The answer to this question is not easy , as one would tend to believe . In fact this question , takes it for granted revascularisation will improve the LV dysfunction in patients with severe LV dysfunction.
The truth is , we are not sure about the mechanisms . How revasculariastion will have an effect on chronically dying or dead myocardium ? (Acutely dying myocardium is a different story, where revascualrisation has a profound effect , that is called salvaging the myocardium )
This issue is of great clinical significance in end stage ischemic heart disease .A typical myocardial segment in ischemic cardiomyopathy has millions of the dead cells interwoven with dying cells with occasional clusters if live cells scattered all over .Once the process of myocardial apotosis sets in , myocardial cell death does not result in segmental destruction instead an universal cell death.(Paracrine signals of cell death that spills over to adjacent segments ) The current standards of revascualrisation (PCI and CABG) aims to provide blood flow in a segmental fashion. Even if the blood flow is restored in an obstructive vessel it is not clear , how it is going to enter the chronically atrophied myocytes.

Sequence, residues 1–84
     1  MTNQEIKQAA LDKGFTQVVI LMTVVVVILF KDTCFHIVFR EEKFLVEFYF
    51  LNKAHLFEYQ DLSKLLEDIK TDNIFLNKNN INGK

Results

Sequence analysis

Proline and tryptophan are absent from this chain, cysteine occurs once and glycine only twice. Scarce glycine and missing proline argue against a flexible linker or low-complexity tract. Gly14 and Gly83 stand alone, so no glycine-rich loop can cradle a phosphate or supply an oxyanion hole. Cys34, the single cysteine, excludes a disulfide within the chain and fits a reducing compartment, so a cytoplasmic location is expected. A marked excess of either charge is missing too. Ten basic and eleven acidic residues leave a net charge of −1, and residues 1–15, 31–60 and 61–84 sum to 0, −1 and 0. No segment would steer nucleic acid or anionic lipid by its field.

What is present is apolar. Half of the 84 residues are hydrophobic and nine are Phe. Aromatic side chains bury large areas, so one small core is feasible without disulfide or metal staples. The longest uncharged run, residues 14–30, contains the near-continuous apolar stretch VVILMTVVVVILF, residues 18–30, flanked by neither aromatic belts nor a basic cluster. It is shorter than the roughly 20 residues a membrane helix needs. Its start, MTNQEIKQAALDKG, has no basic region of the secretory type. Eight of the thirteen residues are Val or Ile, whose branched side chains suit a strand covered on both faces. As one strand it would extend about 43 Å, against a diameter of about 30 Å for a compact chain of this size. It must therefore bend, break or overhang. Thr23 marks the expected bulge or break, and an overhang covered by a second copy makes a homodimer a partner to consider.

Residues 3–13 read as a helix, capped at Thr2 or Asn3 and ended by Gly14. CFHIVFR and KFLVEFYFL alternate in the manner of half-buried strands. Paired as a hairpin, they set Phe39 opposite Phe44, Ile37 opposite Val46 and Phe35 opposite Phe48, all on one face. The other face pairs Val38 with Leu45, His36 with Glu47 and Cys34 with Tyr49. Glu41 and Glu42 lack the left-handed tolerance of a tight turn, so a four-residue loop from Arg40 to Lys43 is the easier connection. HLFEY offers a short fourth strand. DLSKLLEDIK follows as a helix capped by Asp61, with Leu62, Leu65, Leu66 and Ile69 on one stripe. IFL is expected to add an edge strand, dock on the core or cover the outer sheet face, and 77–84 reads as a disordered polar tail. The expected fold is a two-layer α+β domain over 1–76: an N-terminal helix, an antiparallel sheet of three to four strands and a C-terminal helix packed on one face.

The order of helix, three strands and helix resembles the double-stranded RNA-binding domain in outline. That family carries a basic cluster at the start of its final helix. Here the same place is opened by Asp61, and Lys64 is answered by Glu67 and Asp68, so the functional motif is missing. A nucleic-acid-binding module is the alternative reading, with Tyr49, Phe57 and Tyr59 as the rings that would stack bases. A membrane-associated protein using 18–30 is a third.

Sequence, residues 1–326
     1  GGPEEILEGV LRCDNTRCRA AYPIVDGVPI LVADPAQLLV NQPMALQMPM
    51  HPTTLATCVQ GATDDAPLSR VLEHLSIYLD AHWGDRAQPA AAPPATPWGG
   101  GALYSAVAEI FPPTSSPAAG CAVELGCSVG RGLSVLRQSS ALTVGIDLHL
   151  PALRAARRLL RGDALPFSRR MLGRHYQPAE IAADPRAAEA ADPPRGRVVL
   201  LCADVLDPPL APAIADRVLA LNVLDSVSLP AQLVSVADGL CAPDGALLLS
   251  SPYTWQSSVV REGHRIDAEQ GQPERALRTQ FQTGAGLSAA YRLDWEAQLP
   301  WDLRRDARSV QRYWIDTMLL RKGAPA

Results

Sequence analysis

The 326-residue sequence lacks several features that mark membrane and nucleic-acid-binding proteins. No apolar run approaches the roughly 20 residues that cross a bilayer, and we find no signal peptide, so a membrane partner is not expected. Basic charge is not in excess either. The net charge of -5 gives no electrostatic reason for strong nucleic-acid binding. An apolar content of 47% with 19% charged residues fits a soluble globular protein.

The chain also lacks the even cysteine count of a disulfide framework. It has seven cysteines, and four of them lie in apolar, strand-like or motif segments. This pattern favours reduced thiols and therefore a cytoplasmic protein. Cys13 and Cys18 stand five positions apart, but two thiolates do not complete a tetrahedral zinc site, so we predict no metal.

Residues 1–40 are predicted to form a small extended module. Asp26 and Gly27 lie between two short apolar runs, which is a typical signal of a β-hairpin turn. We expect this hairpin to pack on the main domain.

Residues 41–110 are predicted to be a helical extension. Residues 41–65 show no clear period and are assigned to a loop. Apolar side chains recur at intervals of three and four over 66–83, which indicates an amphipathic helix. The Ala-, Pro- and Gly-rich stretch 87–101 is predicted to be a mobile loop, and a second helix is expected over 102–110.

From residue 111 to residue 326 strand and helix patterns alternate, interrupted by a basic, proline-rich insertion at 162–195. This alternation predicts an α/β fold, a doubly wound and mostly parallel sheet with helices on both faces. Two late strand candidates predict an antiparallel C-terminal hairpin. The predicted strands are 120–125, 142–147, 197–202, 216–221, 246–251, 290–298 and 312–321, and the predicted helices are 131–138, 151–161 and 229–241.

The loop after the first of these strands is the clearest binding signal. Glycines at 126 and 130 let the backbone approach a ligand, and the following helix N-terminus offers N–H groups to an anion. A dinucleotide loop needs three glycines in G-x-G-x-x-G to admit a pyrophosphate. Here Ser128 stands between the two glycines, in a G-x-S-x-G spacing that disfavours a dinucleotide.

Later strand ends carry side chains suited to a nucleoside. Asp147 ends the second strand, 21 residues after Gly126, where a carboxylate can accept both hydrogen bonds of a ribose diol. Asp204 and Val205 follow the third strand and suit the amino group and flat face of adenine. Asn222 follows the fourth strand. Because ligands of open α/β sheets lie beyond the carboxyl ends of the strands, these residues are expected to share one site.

Meanwhile , many studies are available suggesting coronary revascularisation does indeed improve LV dysfunction. These evidence has never been conclusive .Real world experience would also confirm this simple fact , that angina relief is definite following revascularisation but not dyspnea relief in patients with LV dysfunction .
So , when seeking the guidelines for revascularisation ( PCI or CABG ) in patients with CAD one need to ask this specific question
Does the patient has
B.Angina and dyspnea
If the answer is C , assess the patient again , rule out systemic causes of dyspnea (Anemia, renal function etc) rethink or postpone revascularisation.If primary or secondary LV muscle dysfunction has set in revascularisation has little value.